The Future of Barbecue Meat
BBQ Hall of Famer
All Photos Courtesy Of Ardie Davis
When I first learned about experiments with rats, pigeons, and dogs by psychologists John B. Watson, B.F. Skinner and physiologist Ivan Pavlov, their findings made sense. However, when they inferred that humans, pigeons, rats and dogs behave with predictable similarities, I was skeptical.
After years of examining my own behavior and the behavior of others, I have begrudgingly accepted that Watson, Skinner and Pavlov gave us valuable insights into why we do what we do. Today we are faced with the possibility of extreme changes in our meat diet. Marketing tools derived from Watson, Skinner and Pavlov, enhanced on hi-tech platforms, will have everything to do with future meat production and consumption.
1.Plant-based meat & 2.Laboratory-grown meat from live animal stem cell extractions. Both methods skip raising and slaughtering animals for meat.
The most successful plant-based meat available today is the “Impossible Burger.” More than a thousand restaurants in the USA, from Alabama to West Virginia plus Hong Kong have added it to their menu. Impossible Burger’s parent company, Impossible Foods, is a Silicon Valley startup. I have eaten several Impossible Burgers at metro KC’s Houlihan’s in Fairway, Kansas. It looks more like a finely ground large sausage patty than a ground chuck burger, yet it looks more like a meat burger than a veggie burger. It tastes like a real hamburger. My only regret is that it is pan-grilled instead of flame-grilled. I was told that the patty doesn’t hold up well over open flames or hot coals, but that the Impossible team is working on a fix. Meanwhile I like it as is.
If you are gluten-intolerant, be advised that the Impossible Burger contains wheat. Mass production of real animal meat grown in laboratories from poultry, pork, beef, lamb, goat or other animal stem cells is cost-prohibitive today. Yet, research teams in Silicon Valley, the Netherlands and elsewhere are racing to produce affordable laboratory-grown meat for mass consumption that looks, cooks and tastes like today’s meat.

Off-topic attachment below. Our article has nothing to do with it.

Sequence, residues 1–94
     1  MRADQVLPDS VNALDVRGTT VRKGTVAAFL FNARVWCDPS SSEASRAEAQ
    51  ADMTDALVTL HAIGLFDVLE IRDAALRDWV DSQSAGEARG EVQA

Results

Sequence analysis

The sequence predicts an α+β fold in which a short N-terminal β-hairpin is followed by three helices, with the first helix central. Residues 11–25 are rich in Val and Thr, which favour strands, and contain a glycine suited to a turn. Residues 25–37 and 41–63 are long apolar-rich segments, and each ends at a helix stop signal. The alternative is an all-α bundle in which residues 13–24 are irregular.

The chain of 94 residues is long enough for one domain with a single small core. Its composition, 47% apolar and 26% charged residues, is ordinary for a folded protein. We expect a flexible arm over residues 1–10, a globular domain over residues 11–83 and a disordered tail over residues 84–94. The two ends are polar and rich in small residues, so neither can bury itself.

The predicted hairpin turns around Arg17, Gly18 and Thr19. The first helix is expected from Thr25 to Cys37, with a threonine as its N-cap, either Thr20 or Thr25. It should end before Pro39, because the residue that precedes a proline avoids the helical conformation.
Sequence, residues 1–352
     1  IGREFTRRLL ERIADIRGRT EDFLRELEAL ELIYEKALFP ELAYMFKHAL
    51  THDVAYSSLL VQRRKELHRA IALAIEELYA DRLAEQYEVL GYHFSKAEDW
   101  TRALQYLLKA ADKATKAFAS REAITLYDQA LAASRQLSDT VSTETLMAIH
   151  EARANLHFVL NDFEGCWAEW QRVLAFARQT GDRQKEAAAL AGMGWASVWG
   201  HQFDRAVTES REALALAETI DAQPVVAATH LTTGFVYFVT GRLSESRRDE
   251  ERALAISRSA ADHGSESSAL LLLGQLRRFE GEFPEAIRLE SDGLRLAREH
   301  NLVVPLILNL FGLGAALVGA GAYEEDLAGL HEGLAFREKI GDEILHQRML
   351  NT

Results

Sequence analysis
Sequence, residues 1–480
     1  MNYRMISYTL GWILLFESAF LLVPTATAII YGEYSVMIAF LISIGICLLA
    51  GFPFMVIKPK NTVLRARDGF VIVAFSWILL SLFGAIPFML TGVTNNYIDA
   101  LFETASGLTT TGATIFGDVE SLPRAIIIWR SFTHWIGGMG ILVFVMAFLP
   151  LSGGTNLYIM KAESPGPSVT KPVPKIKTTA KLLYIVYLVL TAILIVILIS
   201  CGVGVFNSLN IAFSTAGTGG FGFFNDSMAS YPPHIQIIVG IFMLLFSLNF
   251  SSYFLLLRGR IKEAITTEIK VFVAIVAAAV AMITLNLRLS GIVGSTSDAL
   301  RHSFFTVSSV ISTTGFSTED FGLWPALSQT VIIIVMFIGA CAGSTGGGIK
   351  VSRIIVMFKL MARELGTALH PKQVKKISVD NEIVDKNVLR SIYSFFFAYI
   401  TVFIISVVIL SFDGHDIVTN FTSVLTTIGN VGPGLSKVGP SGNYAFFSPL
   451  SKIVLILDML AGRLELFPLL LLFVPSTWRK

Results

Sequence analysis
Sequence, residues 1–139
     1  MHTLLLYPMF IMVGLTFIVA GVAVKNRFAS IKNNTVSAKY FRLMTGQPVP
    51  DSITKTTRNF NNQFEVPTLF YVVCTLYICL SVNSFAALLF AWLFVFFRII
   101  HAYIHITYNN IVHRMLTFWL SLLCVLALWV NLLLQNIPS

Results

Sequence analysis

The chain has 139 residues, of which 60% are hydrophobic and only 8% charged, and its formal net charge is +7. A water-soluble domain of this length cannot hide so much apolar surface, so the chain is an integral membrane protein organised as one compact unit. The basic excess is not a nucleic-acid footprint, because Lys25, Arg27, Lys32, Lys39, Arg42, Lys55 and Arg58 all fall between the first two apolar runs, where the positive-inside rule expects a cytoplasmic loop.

Today’s new meats landscape is populated with companies such as Memphis Meats Inc., Modern Meadow, SuperMeat, Finless Foods, Beyond Meat, Hampton Creek, Intigriculture, the Good Food Institute, and Impossible Foods. Hundreds of millions of venture capital dollars from China, Israel, Bill Gates, Richard Branson, Cargill, Tyson Foods, Atomico, New Crop Capital, Fifty Years, Inevitable Ventures and other sources are streaming into new meat research and marketing initiatives.
The stakes are high. Our agribusiness network is a multi-billion dollar mix of family and corporate farms, ranches, animal bioscience
laboratories, veterinary medicine, livestock transport, feedlots, meat processing plants, product marketing, product distribution systems and point-of-sale/online retail/wholesale markets fueled with enormous amounts of grass, grains, antibiotics, growth hormones, energy, water and jobs. A paradigm shift to meat production from a few living stem cell donors that thrive on a smidgeon of the natural land and water resources required to raise, slaughter and process billions of animals per year would be a radical change.
Will today’s meat industry shift to plant-based and stem cell-based meat production? Some say it is inevitable, others disagree. If it happens, how soon will it happen? Predictions range from 6 months to10, 20 or 30 years from now.
Will competition barbecue adapt to the new meats? One of the first questions friends raised when I mentioned possible future meat industry changes during recent discussions was, “What about bones?” I don’t know, and haven’t found answers yet. For now I’ll assume that competition barbecue teams will have a choice between anatomically correct lab-grown chicken, beef and pork meat parts with or without bones. But how about whole hog competitions, plus restaurants and social gatherings that feature whole hog?
Will whole hog survive as a competition barbecue category? My guess is that whole hog barbecue—as iconic as apple pie in our barbecue world—will be the last holdout. While scientists work toward reproducing whole anatomically correct hogs with everything but the squeal, a special corps of hog farmers will raise hogs to provide the whole hog contest, restaurant and social gatherings network with a steady supply of hogs. I haven’t found answers to the following questions:
– How will the new meats be labeled? Marketing experts need help with this.
– What about organs, intestines, and other animal parts now classified as offal? No more chitlins? What about tongue, snout, and ears? No more beef tongue pastrami? No more pig ears and rice? No more pig snoot sandwiches?
– What about cowhides and pigskins? No more leather? No more pork rinds?
– Will bones be produced for gelatin and marrow or will there be substitutes?
– Is meat grown from stem cells kosher?
– Will mass production of chicken eggs cease? How about the millions of recipes that include real eggs?
If alternative meats cost less, cook and taste as good as or better than today’s meat, they will prevail in future barbecue contests, meat markets, supermarkets and restaurants. The simple equation derived from behaviorism, and used by marketing experts for decades—Rewards minus Costs equals Outcome—has everything to do with the future of barbecue meat.
“We shall escape the absurdity of growing a whole chicken in order to eat the breast or wing, by growing these parts separately under a suitable medium.” – Sir Winston Churchill, The Strand Magazine, 1931, “Fifty Years Hence”